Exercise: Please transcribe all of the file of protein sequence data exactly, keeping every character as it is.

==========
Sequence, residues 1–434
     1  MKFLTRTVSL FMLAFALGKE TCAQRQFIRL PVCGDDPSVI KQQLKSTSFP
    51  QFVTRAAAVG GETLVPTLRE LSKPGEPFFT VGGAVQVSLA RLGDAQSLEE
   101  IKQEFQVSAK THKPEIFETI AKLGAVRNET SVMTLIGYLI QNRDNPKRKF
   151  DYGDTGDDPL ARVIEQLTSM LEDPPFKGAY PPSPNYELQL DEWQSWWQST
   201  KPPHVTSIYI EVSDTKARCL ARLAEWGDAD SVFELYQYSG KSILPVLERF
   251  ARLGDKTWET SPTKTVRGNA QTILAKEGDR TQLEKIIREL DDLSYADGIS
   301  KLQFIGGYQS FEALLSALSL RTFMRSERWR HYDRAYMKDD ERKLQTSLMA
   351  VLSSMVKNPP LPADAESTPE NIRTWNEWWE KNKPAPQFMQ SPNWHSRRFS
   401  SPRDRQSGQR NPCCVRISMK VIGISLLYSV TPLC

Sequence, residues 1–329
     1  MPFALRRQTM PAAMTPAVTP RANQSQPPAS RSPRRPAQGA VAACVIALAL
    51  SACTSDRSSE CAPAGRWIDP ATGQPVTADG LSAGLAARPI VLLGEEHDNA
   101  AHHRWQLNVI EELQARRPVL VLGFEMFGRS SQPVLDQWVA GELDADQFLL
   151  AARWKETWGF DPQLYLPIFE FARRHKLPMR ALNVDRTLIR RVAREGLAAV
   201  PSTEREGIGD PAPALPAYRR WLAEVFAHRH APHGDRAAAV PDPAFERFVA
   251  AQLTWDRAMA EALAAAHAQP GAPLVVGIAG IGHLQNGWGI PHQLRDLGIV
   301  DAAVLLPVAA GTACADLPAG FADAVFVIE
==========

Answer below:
Sequence, residues 1–434
     1  MKFLTRTVSL FMLAFALGKE TCAQRQFIRL PVCGDDPSVI KQQLKSTSFP
    51  QFVTRAAAVG GETLVPTLRE LSKPGEPFFT VGGAVQVSLA RLGDAQSLEE
   101  IKQEFQVSAK THKPEIFETI AKLGAVRNET SVMTLIGYLI QNRDNPKRKF
   151  DYGDTGDDPL ARVIEQLTSM LEDPPFKGAY PPSPNYELQL DEWQSWWQST
   201  KPPHVTSIYI EVSDTKARCL ARLAEWGDAD SVFELYQYSG KSILPVLERF
   251  ARLGDKTWET SPTKTVRGNA QTILAKEGDR TQLEKIIREL DDLSYADGIS
   301  KLQFIGGYQS FEALLSALSL RTFMRSERWR HYDRAYMKDD ERKLQTSLMA
   351  VLSSMVKNPP LPADAESTPE NIRTWNEWWE KNKPAPQFMQ SPNWHSRRFS
   401  SPRDRQSGQR NPCCVRISMK VIGISLLYSV TPLC

Sequence, residues 1–329
     1  MPFALRRQTM PAAMTPAVTP RANQSQPPAS RSPRRPAQGA VAACVIALAL
    51  SACTSDRSSE CAPAGRWIDP ATGQPVTADG LSAGLAARPI VLLGEEHDNA
   101  AHHRWQLNVI EELQARRPVL VLGFEMFGRS SQPVLDQWVA GELDADQFLL
   151  AARWKETWGF DPQLYLPIFE FARRHKLPMR ALNVDRTLIR RVAREGLAAV
   201  PSTEREGIGD PAPALPAYRR WLAEVFAHRH APHGDRAAAV PDPAFERFVA
   251  AQLTWDRAMA EALAAAHAQP GAPLVVGIAG IGHLQNGWGI PHQLRDLGIV
   301  DAAVLLPVAA GTACADLPAG FADAVFVIE